Quoting the decision, “Air Canada now has to revise its denied boarding compensation regime by September 18, 2013, to reflect the following compensation provisions:
* Less than 2 hour delay = 50% of the base amount [i.e. $200]
* Between 2 and less than 6 hour delay = 100% of the base amount [i.e. $400]
* 6 hour delay or more = 200% of the base amount [i.e. $800]
* The base amount is established as $400
This compensation applies solely to involuntary denied boarding, and does not relate to situations where a passenger volunteers to be denied boarding for whatever compensation Air Canada wishes to offer.”
Canadians have Halifax mathematician Dr. Gábor (Gabi) Lukács to thank for because the decision today is a direct result of his 2011 complain against Air Canada. Lukács said in an extensive video interview,
“This is a very very good news for all Canadian passengers, everybody who travels by air within Canada because it recognizes that passengers are entitled to be treated with respect as equal parties to the contract.” While Lukács was reluctant to estimate the total hours he had spent to launch the complaint and reply to Air Canada’s submissions since 2011, one of the document submitted was 47 pages long including exhibits!
Upon hearing the interviewer suggesting this delay compensation should be named after Lukács, similar to mathematical theorems were named after Euclid or Gauss, Lukács paused to think for a moment and then thoughtfully insisted that,
“… it doesn’t matter where it was me or somebody else who got those [air passenger] rights. What is important [is] that those rights are put in place. And that people will now have better treatment. It doesn’t matter it was me, or my neighbour, or my friend or you, or that person in another city who made those changes. For me, it’s a question of I’ve learned enough about airlines to know that something are just wrong and against the law. And when I happened to see that, like in the case of what happened in Ottawa airport, I cannot just walk by and do nothing. I feel a responsibility.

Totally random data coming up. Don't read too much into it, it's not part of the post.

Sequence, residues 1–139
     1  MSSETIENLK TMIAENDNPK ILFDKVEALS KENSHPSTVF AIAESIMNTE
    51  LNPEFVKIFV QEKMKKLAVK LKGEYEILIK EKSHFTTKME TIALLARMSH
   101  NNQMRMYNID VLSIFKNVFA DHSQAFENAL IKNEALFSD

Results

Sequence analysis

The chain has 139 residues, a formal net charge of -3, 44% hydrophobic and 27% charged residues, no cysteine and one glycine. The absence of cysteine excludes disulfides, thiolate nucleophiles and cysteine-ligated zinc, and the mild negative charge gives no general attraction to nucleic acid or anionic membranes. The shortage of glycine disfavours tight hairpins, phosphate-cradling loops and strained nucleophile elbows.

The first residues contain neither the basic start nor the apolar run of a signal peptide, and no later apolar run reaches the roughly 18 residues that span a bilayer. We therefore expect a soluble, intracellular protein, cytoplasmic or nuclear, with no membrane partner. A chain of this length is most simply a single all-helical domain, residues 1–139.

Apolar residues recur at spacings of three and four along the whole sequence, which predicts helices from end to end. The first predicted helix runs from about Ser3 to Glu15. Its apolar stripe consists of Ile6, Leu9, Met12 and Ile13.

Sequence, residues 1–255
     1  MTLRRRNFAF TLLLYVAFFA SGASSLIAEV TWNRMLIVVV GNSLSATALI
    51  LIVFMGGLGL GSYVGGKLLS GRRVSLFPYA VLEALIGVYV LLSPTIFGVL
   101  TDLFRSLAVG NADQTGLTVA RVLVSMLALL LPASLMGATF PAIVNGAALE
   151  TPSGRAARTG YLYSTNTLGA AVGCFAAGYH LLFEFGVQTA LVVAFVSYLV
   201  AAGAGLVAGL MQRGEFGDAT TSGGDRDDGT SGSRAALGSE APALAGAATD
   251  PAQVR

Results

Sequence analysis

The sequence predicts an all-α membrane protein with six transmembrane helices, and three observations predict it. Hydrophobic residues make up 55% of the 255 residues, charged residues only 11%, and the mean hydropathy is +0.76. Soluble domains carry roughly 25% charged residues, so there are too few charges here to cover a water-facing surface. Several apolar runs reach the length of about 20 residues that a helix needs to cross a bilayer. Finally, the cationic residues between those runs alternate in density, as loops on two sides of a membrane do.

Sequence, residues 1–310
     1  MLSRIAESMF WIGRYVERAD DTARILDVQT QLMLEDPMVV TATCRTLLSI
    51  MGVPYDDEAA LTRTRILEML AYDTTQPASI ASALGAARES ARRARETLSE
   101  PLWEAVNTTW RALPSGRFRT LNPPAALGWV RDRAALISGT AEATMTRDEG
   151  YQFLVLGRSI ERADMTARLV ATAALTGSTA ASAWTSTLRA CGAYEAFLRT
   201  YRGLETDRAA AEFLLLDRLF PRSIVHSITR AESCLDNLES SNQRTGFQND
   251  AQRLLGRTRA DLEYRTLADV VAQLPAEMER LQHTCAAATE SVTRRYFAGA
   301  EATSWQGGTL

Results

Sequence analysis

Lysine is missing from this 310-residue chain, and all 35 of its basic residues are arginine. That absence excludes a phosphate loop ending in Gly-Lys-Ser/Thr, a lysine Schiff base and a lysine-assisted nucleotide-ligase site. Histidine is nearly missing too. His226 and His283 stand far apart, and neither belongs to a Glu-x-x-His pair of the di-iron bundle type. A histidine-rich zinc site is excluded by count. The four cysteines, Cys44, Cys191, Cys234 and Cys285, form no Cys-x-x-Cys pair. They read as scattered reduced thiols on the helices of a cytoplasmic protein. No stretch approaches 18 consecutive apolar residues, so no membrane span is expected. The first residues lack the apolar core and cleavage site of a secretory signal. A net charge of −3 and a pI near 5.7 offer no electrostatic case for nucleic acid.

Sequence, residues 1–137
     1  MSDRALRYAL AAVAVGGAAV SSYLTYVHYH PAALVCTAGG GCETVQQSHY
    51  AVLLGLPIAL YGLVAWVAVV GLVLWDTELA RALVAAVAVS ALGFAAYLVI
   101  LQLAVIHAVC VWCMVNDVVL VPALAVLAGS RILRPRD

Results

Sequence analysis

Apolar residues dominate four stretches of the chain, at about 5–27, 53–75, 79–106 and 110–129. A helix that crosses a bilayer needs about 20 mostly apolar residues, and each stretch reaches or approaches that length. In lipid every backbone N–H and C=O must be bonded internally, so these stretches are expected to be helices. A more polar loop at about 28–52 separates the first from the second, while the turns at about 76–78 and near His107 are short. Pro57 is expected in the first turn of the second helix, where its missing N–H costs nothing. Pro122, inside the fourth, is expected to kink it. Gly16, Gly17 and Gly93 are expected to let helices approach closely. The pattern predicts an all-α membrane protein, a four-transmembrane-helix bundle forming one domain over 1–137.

Knowledge gives some responsibility. When you know that something is wrong, and you have quite a good idea of how to fix it, that does impose on you some level of moral responsibility, social responsibility. And so the issue of air passenger rights needs a face in Read the rest of this entry »
I LOVED & enjoyed the chance to ask Tommy Hilfiger @tommyhilfiger a question. (Tommy’s Facebook) And then it turned into a super #epic moment (at 2:07 of the clip) for me to watch Tommy defending my “Fashion Honour” at Fox LA Google+ Hangout! Thanks +Maria Quiban +Tony McEwing +FOX 11 Los Angeles for the #awesome hangout!
This is an extensive interview with Professor Emeritus C.C. Kelly Gotlieb, (Wikipedia) “Father of Computing in Canada”, Department of Computer Science, University of Toronto, Feb 2013 interviewed by Independent reporter Kempton Lam
KL: Kempton Lam
KG: Professor Emeritus C.C. Kelly Gotlieb
Table of content (with time codes):
0:00 KL: Introducing Professor Emeritus C.C. (Kelly) Gotlieb, “Father of Computing in Canada”, University of Toronto
0:29 KL: My question about Google Driverless Cars. Three US states already has law permitting testing of Google Driverless Cars. Talking about California governor signed the bill, “SB-1298 Vehicles: autonomous vehicles: safety and performance requirements” into law.
2:07 KL: Bill SB-1298 allows Google to test the Google Driverless Car provided Google pays a $5 million insurance, and provided there is a driver in the car.
2:21 KG: “That’s what I expected.”
2:35 KL: My concerns were concerns raised by Kelly in an earlier speech of his.
2:47 KG: listing some of the concerns he has with concepts like Google Driverless Cars. “United States is a very litigious society.”